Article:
in at the Ann Arbor draft board.

NOR AM I REALLY talking about the faculty. After
all, they know where the salary for a good suburban life
and travel grants for conferences in Puerto Rico comes
from. "I wrote a letter to one of the reactionary Regents
and told him to stop intimidating the students over free
speech and press," one faculty member said the other day.
"Then I tore it up and threw it away."
Even when the faculty does stand up for the stu-
dents little usually happens. Witness the 35 faculty
members who weren't going to turn in grades last semes-
ter because they opposed ranking. They changed their
minds after the administration explained that it would
flunk the students who were ungraded.
The basic responsibility for the status quo orienta-
tion of the campus lies with the students. To begin with,
the vast majority aren't willing to do much more than
sign a petition for a bookstore. Most are unwilling to buy
books from a discount bookstore because it's too far to
Rich (average parental income is over $13,000) and
blessed with plenty of Lovin' Spoonful concerts, few stu-
dents are willing to get fired up about anyone beyond
The students play academic ball with the University,
and stay out of trouble, knowing that they will have
plenty of good offers waiting for them at the placement
Little of the academic message seems to come across.
Thoreau is something you talk about in history seminar.
All but a hard-core hundred shun effective civil disobed-
ience. And few are as radical as their counterparts of the
1930's who were willing to join the Spanish loyalists and
fight against Franco. About the best today's radicals can
do is run to Canada.

Of course there is a reason behind much of this
apathy. Many radicals here have fought the good fight
and lost. They have been jailed by local authorities and
harassed by the Selective Service. The University's con-
tribution has been to turn their names into the House
Un-American Activities Committee.
OBVIOUSLY THIS discourages potentital radicals
from joining the fight. One top Student Government
Council leader has given up politics for film-making.
Another leading activist has quit protesting in favor of
the bass guitar and a rock and roll band. Others have
given up the fight for marijuana and LSD.
The fact that the new left is getting old reflects a
general campus alienation from the political process.
Students don't have the time or the desire to get out
on the line for what they think is right. They have most
of what they want and if they're too young for an 'M'
parking sticker they can always sneak around that
The fact is that the student body is generally smug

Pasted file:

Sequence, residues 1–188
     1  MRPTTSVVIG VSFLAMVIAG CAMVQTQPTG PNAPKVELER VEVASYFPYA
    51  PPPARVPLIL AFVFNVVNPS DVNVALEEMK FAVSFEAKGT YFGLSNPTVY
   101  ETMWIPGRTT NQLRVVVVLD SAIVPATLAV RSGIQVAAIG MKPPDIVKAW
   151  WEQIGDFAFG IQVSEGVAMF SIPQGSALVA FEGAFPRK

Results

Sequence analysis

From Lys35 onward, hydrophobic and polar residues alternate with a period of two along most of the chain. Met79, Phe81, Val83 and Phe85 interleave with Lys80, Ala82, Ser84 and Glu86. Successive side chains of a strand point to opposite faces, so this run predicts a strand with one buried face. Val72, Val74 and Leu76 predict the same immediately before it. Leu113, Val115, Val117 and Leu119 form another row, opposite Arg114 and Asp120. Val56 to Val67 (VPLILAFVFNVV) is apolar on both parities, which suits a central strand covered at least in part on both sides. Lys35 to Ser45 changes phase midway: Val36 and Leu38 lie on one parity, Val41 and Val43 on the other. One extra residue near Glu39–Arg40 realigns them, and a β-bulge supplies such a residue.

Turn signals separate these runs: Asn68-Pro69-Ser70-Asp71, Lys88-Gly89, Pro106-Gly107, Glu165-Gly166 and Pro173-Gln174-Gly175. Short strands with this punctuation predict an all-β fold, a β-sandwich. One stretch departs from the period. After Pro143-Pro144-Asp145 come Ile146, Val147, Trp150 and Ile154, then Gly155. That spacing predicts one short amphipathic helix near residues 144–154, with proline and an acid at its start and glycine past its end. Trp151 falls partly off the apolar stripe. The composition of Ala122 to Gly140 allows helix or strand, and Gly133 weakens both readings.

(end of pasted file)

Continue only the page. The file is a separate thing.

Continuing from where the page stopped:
and satisfied. All those cover stories about the genera-
tion-gap are a mirage,
Like their elders most students seem caught up in
the materialistic whirlwind on their way to the good life.
THE TRAGEDY IS not that students aren't angry
enough to try to stage a park-in protest on the Diag.
After all, college is only four years.
Rather this conservative campus is turniig out po-
litically apathetic, status-quo oriented graduates who
don't care about changing the world. They just want to
fit in.
Like the University, most students don't want to
change the world, they just want to perpetuate it.

Letters: The Morning After the Banana

To the Editor:
I AM WRITING in regard to ba-
nanas. First let me state that
I have nothing against people us-
ing chemicals to effect changes in
their consciousness. In this res-
pect, the discovery of a material
that is legal, inexpensive, mild,
psychedelic, and sold in supermar-
kets is welcome.
I would point out, however, that
reflective people ask something
more of a thing they put into their
bodies, namely that it be safe. Un-
fortunately, many of the most in-
teresting chemicals mankind has
found on the planet have disagree-
able side effects ranging from the
extremes of physical addiction or
destruction of the nervous system
to annoyances like hangovers and
Cocaine is particularly instruc-
tive in this respect. Physicians and
thrill-seekers alike considered it
a god-send when it first appeared;
now only a fool would use it regu-
OF COURSE, there are other
chemicals, marijuana among them,
that have been used for hundreds
of yiears without noticeably hor-
rible side effects. We can only
hope that bananas prove to be as
The fact that the Daily article
mentions morning-after sickness
indicates that they may not be.
I don't mean to be a drag, but
anyone who smokes bananas now
is experimenting with his health.
-Steve Arnold, Grad.
To the Editor:
Daily endorsement policies.
We do not feel all candidates were
judged on relevant criteria. We are
referring specifically to the Daily's
comments on Kay Stanbury, a
freshman candidate for SGC.
There is no absolute correlation
between being a freshman and be-
ing inexperienced. Kay has worked
closely with council all year, gain-
ing experience and ability. The
Daily commented, "We encourage

her to certainly seek election next
year." Why wait? We hope she is
elected NOW. We feel that actions
are better indicators of experience
than class standing.
-Merry Beth Clarke
Mary Lutskus
Ronna Smith
Guna Spacs
To the Editor:
THE DAILY has an unfortunate
habit of pulling quotes out of
context, and using them for the
editors' selvtive purposes. The
assertion of The Daily that I view
SGC in merely an advisory role is
inaccurate and superficial. I had
indicated that "SGC will be effec-
tive in an advisory role in some
areas, but that in other areas.
such as housing, sophomore hours
and the student bookstore, SGC
will have to take a strong, inde-
pendent stand."
The implication is that the new
President and vice-president of
academic affairs next year will
be receptive to well supported SGC
proposals. Other policies will be
rejected by the Regents, and here
SGC will have to act. I realize